China has successfully launched a Long March 3B rocket from the Xichang Satellite Launch Centre, placing the military Zhongxing-2C (ChinaSat-2C) satellite into orbit.
The launch went ahead at 00:25 Beijing time on Wednesday (16:25 UTC Tuesday), marking China's 13th in 2015 and 216th Long March flight overall.
Little is known about the satellite itself, due its military nature. Previous satellites in the class have been apparently designed for military communications, providing secure voice and data communication for the People's Liberation Army.
China's busy 2015
Tuesday's launch was China’s 13th in 2015, following missions involving four Beidou global positioning satellites, the Gaofen-8, Gaofen-9 and Yaogan Weixing-27 earth observation satellites, a classified ka-band communication test satellite, the Long March 6 debut, lofting 20 small satellites, and the maiden flight of the solid-fuelled Long March 11.
In October Jilin-1, China's first self-developed commercial remote sensing satellite, APSTAR-9, developed and launched on behalf of a major regional satellite fleet operator, and the Tianhui-1C Earth observation satellite were put into orbit.
Earlier in the year, the China Aerospace Science and Technology Corporation, the main contractor for China’s space activities, announced it would perform up to 20 separate launches in 2015, meaning a hectic final quarter of activity.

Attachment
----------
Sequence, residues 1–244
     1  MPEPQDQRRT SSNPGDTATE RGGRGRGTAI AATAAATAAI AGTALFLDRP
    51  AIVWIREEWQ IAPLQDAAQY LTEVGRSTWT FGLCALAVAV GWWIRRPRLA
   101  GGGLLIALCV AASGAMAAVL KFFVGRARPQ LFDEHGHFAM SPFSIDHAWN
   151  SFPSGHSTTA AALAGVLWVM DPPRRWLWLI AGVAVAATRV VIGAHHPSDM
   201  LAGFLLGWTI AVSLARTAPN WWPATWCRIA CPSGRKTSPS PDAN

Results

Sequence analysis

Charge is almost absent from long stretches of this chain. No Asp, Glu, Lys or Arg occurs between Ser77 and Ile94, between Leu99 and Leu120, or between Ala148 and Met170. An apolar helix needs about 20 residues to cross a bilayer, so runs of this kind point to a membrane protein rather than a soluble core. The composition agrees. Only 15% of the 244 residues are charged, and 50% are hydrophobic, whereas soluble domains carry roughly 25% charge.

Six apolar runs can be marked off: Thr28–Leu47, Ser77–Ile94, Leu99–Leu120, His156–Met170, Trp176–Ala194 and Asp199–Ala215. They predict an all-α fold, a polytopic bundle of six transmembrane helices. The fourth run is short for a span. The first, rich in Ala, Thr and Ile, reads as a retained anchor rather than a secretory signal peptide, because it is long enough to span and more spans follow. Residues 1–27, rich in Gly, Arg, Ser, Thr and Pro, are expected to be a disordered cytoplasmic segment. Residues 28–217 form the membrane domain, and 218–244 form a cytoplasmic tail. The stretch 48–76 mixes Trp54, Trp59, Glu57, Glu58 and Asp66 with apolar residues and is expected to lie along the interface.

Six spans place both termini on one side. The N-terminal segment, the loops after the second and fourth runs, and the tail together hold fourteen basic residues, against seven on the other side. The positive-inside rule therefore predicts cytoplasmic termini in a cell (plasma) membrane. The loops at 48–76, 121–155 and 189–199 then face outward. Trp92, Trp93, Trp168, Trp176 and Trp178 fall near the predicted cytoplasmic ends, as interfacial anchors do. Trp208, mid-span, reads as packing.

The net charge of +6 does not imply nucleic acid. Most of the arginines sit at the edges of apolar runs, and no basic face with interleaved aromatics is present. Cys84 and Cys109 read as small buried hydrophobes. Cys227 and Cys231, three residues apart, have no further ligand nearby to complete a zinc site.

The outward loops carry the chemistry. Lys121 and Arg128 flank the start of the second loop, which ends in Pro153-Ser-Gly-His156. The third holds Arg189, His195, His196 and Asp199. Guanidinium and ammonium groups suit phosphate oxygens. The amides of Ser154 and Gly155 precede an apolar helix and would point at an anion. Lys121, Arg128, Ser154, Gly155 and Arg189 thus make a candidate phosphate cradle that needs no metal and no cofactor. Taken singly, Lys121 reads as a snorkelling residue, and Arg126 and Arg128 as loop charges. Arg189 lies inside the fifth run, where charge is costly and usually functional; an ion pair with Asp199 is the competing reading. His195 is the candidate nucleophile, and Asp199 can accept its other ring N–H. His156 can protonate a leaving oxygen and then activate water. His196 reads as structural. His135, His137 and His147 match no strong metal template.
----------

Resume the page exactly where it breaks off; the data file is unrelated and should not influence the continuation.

In December China will launch its DAMPE probe to hunt for dark matter.
The launch was the 216th of China’s Long March rocket families. The first took place in April 1970, when a Long March 1 rocket put China’s first satellite, Dong Fang Hong-1, into orbit.
Return to human spaceflight in 2016
China will make a return to human spaceflight with its first crewed space mission since 2013. Shenzhou-11 will liftoff from Jiuquan and will dock with China’s upcoming second space lab, Tiangong-2, which will be launched in advance of the taikonaut mission.
Next year will also see the new heavy-lift Long March 5 and medium-lift Long March 7 rockets make their debut launches. The two are designed to launch and service China’s future space station, as well as perform a lunar sample return mission in 2017.
Along with DAMPE seeking to detect dark matter, China will launch three further scientific satellites within the next year to perform quantum science experiments, research space life science, and observe black holes, neutron stars and other phenomena.
In October Chinese state media revealed discussions on potential deep space exploration, including missions to Mars, Jupiter, asteroids, and, in the longer term, a crewed deep space mission.